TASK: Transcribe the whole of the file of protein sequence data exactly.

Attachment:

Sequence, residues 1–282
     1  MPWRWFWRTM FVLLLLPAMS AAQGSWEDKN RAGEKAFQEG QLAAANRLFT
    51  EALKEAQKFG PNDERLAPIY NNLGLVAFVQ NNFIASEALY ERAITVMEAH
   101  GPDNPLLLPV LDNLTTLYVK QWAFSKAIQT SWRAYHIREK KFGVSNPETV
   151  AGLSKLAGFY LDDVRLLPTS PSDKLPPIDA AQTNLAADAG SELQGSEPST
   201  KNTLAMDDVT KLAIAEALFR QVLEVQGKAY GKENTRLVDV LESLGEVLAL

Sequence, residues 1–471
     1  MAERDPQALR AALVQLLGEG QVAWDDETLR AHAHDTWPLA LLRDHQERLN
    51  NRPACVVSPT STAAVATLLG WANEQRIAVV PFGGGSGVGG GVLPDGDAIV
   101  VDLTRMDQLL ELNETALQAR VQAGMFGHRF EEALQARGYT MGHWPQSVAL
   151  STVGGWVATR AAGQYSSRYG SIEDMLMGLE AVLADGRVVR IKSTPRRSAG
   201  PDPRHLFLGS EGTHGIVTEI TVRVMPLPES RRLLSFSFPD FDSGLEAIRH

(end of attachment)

Sequence, residues 1–282
     1  MPWRWFWRTM FVLLLLPAMS AAQGSWEDKN RAGEKAFQEG QLAAANRLFT
    51  EALKEAQKFG PNDERLAPIY NNLGLVAFVQ NNFIASEALY ERAITVMEAH
   101  GPDNPLLLPV LDNLTTLYVK QWAFSKAIQT SWRAYHIREK KFGVSNPETV
   151  AGLSKLAGFY LDDVRLLPTS PSDKLPPIDA AQTNLAADAG SELQGSEPST
   201  KNTLAMDDVT KLAIAEALFR QVLEVQGKAY GKENTRLVDV LESLGEVLAL

Sequence, residues 1–471
     1  MAERDPQALR AALVQLLGEG QVAWDDETLR AHAHDTWPLA LLRDHQERLN
    51  NRPACVVSPT STAAVATLLG WANEQRIAVV PFGGGSGVGG GVLPDGDAIV
   101  VDLTRMDQLL ELNETALQAR VQAGMFGHRF EEALQARGYT MGHWPQSVAL
   151  STVGGWVATR AAGQYSSRYG SIEDMLMGLE AVLADGRVVR IKSTPRRSAG
   201  PDPRHLFLGS EGTHGIVTEI TVRVMPLPES RRLLSFSFPD FDSGLEAIRH